I agree that there are some cases in which !important could be interesting (and it will most definitely need to be used in the user-defined styles to override the ones from the site). But from an accessibility perspective, the idea of immutability (from the developer side) is dangerous, as it takes away power from the users to customize the experience to better fit their needs. Let me recheck the article, and I'll edit and add a note about it.

 

Look I'm not saying that !important is a dangerous anti-pattern, but in 10 years developing websites as my main revenue source the only times I've had to use it is when someone else used it before (by example in a WordPress theme, if I had to pick at random).

I get the point of your article about utility classes being all alone and depraved of specificity thus needing a bit of help from !important but that is so edge case, it should definitely be a last resort after you've exhausted your other last resort options.

 

I don’t agree. As I mentioned I’ve also joined projects that make horrible use of !important. I’m not arguing against the fact that most projects utilizing it are doing it for the wrong reasons.

And I think you’re misunderstanding the intention of utility classes. If you only use !important in your utility classes, the idea behind the pattern is that they will be the last layer of CSS you will apply to elements, making it very predictable. This is based on the ITCSS pattern.

I think specificitiy tangles can be far worse because they can be much harder to track and in most cases ironically the reason why some devs decide to use !important out of frustration. In contrast, bad usage of !important is very easy to spot.

Here’s more in depth about specificity.

 

Guilty as charged, but only as a last resort when I'm at the end of my tether with my out of control CSS. I've been trying to implement a BEM approach but the tips you have given here will be helpful too.

 

I believe there is no valid use cases for !important. Your suggestions on the alternatives are top-notch, and following these usually makes your code cleaner.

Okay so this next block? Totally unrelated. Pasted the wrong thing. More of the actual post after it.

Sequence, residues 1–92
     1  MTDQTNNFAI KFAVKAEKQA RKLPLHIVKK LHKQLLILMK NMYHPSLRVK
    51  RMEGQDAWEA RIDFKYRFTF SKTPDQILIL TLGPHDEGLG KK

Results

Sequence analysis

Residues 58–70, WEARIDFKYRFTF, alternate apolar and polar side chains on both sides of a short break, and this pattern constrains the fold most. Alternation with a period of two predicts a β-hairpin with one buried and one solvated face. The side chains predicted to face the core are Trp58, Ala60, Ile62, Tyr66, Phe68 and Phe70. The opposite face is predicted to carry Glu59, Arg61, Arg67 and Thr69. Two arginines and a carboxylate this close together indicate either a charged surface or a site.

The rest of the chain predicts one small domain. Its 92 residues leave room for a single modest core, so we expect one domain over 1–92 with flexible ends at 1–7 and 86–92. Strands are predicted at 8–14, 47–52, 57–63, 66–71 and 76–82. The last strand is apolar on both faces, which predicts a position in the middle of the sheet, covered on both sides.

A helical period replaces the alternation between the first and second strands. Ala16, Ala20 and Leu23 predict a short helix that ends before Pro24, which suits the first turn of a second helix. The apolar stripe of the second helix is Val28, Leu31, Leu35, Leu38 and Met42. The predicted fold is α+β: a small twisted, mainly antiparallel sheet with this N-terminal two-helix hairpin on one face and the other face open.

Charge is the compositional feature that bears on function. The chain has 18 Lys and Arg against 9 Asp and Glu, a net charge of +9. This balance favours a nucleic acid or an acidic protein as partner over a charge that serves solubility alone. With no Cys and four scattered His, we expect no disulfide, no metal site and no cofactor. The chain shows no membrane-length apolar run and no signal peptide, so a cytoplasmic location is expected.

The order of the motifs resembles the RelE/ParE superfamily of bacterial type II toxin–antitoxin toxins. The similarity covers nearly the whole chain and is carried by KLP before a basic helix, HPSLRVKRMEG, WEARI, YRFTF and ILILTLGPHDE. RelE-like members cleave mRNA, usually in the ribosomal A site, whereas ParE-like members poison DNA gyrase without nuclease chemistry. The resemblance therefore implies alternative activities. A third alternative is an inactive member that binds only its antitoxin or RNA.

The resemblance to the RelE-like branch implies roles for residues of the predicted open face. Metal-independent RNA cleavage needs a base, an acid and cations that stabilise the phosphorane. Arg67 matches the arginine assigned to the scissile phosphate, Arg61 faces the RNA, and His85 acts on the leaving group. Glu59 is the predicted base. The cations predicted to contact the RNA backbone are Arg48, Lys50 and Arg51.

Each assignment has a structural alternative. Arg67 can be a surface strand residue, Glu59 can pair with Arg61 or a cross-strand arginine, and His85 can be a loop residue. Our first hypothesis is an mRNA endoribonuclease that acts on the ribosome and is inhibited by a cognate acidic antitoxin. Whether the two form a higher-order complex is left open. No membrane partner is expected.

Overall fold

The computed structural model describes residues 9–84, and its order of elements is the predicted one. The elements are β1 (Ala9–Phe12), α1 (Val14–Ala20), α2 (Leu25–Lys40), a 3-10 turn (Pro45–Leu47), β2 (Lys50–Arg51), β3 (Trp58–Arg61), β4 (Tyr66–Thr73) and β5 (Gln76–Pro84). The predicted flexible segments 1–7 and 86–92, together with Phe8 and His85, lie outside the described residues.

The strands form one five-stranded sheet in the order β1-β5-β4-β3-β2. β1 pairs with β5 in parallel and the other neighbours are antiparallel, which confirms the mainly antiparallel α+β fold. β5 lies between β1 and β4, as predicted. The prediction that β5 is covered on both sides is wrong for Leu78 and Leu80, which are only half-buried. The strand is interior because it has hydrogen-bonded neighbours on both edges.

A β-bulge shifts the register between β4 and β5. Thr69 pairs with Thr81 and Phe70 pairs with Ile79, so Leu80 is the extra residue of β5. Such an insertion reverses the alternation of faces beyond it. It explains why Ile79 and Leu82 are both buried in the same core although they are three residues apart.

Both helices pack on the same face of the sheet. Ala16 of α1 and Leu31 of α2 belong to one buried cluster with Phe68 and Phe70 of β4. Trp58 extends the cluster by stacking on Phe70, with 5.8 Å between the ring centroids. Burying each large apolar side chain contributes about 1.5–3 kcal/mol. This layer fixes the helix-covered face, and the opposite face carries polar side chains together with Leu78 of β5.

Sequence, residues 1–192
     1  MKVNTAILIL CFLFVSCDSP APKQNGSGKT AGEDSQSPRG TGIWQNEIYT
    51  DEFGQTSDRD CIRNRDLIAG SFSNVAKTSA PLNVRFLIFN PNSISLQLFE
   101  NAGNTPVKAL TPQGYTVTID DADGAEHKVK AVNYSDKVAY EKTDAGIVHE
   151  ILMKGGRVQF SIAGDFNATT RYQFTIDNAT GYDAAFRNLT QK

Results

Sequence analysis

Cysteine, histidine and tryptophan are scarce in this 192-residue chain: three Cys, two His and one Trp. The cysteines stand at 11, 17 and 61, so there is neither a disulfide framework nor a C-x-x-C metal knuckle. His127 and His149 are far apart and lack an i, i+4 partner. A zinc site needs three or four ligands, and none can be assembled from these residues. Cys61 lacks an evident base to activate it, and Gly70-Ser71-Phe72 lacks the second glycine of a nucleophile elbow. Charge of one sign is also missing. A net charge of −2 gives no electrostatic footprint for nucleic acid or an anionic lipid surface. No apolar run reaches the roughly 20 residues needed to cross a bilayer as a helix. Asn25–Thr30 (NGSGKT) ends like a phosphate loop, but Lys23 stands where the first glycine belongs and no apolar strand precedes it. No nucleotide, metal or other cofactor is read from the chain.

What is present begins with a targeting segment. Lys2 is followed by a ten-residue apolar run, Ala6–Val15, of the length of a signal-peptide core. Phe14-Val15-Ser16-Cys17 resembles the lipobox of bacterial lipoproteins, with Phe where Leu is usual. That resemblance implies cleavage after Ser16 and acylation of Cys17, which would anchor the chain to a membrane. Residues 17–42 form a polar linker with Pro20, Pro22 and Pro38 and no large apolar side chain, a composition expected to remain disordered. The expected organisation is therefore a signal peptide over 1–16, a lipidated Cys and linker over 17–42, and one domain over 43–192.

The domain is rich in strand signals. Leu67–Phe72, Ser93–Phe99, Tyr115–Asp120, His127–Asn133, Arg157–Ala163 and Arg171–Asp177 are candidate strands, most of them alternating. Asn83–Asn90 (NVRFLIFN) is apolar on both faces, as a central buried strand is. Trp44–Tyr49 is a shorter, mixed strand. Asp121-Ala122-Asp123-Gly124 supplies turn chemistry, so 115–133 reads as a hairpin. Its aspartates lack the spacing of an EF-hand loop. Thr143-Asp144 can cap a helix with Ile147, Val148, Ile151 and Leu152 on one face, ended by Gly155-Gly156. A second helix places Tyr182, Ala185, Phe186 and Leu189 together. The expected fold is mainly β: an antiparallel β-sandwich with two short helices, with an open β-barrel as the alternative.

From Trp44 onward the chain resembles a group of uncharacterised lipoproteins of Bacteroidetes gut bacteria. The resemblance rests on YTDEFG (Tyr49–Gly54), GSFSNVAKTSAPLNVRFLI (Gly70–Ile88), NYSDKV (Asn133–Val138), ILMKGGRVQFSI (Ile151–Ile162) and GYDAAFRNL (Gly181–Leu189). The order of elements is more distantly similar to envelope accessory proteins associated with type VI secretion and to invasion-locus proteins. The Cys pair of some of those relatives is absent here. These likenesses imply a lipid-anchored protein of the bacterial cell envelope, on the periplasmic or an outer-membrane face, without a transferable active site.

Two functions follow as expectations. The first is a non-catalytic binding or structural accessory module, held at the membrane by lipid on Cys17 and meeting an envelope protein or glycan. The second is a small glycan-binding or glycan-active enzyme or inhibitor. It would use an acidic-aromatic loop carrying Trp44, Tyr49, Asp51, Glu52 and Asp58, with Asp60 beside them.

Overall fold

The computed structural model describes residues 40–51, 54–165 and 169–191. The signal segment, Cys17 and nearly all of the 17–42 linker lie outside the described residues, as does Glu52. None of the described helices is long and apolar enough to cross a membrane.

You've clearly never built an HTML email :) inline styles for Outlook so need to use !important to overwrite them... horrible but in this case necessary.

 

inline styles will replace !important

I learnt this by the video trivia by web dev simplified and kevin powell!

And kevin as a CSS Mastermind lost to this question... Very bad!

But, Kevin is the CSS Master!

 

Wait...!important will trump inline styles 🤔

 

You made me doubt for a second, so I created an example of it for another comment: !important does override inline styles.

 

Actually I expect custom origins/cascade layers to eventually replace most !important use. But it'll be some years before we can use them.

 

Important is not bad it's the situation that leads to this being used that's bad. In a JavaScript context it has some uses I suppose.

 

After seeing the title I was hoping so hard for this first paragraph to be there, thank you for making my dreams true.

 

Agree however I do use !important a fair bit in the work I do with HTML emails because Outlook..., but I tend to avoid in anything else.

 

Sometimes you need to apply styles to elements abstractly so you can't get specific with your selectors.
Also online styles will override !important if you add !important to the online style itself.

 

When I find elements that are too generic to style, I normally solve it by adding a class/id to the elements or one of their ancestors, which allows for easier and more specific selectors. Do you have an example of applying styles to elements abstractly and how did you fix it with !important?

Also, inline styles do not override !important as it can be seen in this example:

 

Right i actually meant inline with !importa overrides styleseet !important

 

Hahaha, your "You are still here...", it is so cute 🤣